- Federal Statistical Office (ed.): Historical municipality directory for the Federal Republic of Germany. Name, border and key number changes in municipalities, counties and administrative districts from May 27, 1970 to December 31, 1982 . W. Kohlhammer GmbH, Stuttgart and Mainz 1983, ISBN 3-17-003263-1 , p. 734 .
- Sybille Grübel: Timeline of the history of the city from 1814-2006. In: Ulrich Wagner (Hrsg.): History of the city of Würzburg. 4 volumes, Volume I-III / 2, Theiss, Stuttgart 2001-2007; III / 1–2: From the transition to Bavaria to the 21st century. Volume 2, 2007, ISBN 978-3-8062-1478-9 , pp. 1225-1247; here: p. 1243.
- Sybille Grübel: Timeline of the history of the city from 1814-2006. 2007, p. 1226.
- Sybille Grübel: Timeline of the history of the city from 1814-2006. In: Ulrich Wagner (Hrsg.): History of the city of Würzburg. 4 volumes, Volume I-III / 2, Theiss, Stuttgart 2001-2007; III / 1–2: From the transition to Bavaria to the 21st century. Volume 2, 2007, ISBN 978-3-8062-1478-9 , pp. 1225-1247; here: p. 1240.
- Weiß, Wenisch (2007), p. 1365, note 2.
- Weiß, Wenisch (2007), p. 1365, note 4.
- Winfried Schenk, Rüdiger Glaser , Moritz Nestle: Würzburg's environment in the transformation from the pre-industrial era to the service society. In: Ulrich Wagner (Hrsg.): History of the city of Würzburg. 4 volumes, Volume I-III / 2 (I: From the beginnings to the outbreak of the Peasant War. 2001, ISBN 3-8062-1465-4 ; II: From the Peasant War 1525 to the transition to the Kingdom of Bavaria 1814. 2004, ISBN 3 -8062-1477-8 ; III / 1–2: From the transition to Bavaria to the 21st century. 2007, ISBN 978-3-8062-1478-9 ), Theiss, Stuttgart 2001–2007, Volume III (2007), Pp. 351-368 and 1295 f., Here: p. 365 f. ( Würzburg's nature as reflected in the biotope mapping ).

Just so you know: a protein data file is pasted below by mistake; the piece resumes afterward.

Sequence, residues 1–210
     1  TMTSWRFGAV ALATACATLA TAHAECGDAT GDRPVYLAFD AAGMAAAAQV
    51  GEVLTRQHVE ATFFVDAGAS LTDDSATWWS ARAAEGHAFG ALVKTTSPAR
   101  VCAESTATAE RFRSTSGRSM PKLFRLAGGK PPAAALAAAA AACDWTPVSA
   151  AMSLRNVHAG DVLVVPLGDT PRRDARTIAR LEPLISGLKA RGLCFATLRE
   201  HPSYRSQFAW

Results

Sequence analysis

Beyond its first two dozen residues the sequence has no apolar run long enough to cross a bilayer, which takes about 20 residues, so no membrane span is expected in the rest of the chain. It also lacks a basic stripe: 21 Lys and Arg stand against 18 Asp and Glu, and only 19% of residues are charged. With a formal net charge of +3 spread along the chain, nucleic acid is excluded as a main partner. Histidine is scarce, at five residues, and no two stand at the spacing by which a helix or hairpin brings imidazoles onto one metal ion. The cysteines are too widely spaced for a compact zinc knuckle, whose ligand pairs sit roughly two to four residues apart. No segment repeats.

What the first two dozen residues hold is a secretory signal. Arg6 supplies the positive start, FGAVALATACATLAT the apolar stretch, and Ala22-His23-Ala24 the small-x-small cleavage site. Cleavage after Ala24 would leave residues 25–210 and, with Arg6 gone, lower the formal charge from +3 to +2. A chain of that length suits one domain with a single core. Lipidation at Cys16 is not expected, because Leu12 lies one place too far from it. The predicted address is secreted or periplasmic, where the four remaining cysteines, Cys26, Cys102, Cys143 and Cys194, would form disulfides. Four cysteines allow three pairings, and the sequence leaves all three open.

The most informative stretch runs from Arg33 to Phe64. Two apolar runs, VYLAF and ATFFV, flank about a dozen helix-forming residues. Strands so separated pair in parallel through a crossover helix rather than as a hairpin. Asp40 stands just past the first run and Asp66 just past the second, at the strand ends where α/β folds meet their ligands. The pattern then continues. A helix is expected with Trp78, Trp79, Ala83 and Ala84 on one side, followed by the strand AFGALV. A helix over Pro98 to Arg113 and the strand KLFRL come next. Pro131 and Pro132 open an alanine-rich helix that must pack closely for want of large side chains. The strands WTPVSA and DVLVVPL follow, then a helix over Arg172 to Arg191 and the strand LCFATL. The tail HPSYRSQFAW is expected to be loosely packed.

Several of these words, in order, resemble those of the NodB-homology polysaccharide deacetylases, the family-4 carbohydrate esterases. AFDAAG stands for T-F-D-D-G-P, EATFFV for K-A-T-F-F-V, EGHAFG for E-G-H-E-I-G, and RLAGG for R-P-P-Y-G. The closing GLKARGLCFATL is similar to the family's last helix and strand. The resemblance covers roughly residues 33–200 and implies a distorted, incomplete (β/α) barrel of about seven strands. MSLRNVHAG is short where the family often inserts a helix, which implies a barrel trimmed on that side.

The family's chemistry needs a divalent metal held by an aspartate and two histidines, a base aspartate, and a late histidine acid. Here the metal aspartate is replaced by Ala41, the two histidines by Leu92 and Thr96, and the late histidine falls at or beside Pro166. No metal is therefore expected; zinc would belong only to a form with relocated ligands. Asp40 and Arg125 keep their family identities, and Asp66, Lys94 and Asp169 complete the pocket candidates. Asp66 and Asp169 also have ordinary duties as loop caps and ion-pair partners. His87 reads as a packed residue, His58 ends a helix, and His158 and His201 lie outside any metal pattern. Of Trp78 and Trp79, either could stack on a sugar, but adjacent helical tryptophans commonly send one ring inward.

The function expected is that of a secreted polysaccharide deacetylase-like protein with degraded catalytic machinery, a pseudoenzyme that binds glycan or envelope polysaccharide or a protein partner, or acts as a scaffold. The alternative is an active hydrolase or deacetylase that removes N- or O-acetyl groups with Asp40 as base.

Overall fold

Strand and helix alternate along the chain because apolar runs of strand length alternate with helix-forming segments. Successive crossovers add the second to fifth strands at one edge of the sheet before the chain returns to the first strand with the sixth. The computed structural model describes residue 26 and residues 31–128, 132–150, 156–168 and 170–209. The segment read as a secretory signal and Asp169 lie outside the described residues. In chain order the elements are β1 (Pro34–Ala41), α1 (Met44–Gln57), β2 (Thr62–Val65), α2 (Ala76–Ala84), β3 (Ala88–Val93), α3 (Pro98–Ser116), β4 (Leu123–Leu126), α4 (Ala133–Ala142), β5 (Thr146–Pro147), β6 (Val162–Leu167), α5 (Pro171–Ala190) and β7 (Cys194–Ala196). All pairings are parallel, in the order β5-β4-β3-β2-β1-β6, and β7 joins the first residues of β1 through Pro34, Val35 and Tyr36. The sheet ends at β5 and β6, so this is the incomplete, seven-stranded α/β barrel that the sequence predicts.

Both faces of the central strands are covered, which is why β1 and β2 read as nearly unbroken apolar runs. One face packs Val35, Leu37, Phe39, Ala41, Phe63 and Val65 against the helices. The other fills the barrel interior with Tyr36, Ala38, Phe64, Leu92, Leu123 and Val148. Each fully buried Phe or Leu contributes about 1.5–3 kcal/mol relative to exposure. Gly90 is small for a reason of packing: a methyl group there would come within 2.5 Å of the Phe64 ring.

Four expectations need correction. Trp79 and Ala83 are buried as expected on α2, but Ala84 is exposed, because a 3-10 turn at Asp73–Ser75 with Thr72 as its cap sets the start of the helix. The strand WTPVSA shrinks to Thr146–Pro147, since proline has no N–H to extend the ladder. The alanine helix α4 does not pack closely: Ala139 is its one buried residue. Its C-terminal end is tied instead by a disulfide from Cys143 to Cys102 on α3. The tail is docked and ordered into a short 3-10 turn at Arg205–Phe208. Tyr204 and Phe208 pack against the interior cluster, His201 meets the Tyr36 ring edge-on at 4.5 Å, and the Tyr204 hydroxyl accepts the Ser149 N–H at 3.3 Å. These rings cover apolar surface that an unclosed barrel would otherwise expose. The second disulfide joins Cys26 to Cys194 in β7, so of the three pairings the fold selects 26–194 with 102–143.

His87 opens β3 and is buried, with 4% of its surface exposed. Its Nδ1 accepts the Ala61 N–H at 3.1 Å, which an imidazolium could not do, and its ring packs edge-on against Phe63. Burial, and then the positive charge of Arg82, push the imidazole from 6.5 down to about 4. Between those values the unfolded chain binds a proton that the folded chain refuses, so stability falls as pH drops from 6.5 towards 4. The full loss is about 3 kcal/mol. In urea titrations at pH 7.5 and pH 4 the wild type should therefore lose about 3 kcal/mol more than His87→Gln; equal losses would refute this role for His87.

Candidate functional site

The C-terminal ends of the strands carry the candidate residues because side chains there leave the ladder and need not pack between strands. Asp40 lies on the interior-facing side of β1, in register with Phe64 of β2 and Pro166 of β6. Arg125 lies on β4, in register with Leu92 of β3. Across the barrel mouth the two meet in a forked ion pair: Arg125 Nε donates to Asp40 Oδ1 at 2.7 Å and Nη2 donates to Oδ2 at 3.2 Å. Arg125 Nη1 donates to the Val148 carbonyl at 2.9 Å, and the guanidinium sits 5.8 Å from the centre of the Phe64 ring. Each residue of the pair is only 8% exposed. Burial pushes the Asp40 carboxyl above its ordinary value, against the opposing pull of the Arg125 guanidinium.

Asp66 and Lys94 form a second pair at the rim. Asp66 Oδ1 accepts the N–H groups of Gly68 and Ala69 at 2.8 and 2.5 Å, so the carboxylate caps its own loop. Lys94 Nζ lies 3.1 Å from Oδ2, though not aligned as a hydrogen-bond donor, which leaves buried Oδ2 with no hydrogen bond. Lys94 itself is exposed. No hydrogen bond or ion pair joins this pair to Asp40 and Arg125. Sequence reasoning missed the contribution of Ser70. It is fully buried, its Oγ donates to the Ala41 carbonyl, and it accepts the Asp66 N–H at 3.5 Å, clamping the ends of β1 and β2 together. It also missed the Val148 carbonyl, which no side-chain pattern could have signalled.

- Sybille Grübel: Timeline of the history of the city from 1814-2006. In: Ulrich Wagner (Hrsg.): History of the city of Würzburg. 4 volumes, Volume I-III / 2, Theiss, Stuttgart 2001-2007; III / 1–2: From the transition to Bavaria to the 21st century. Volume 2, 2007, ISBN 978-3-8062-1478-9 , pp. 1225-1247; here: p. 1234 and 1243.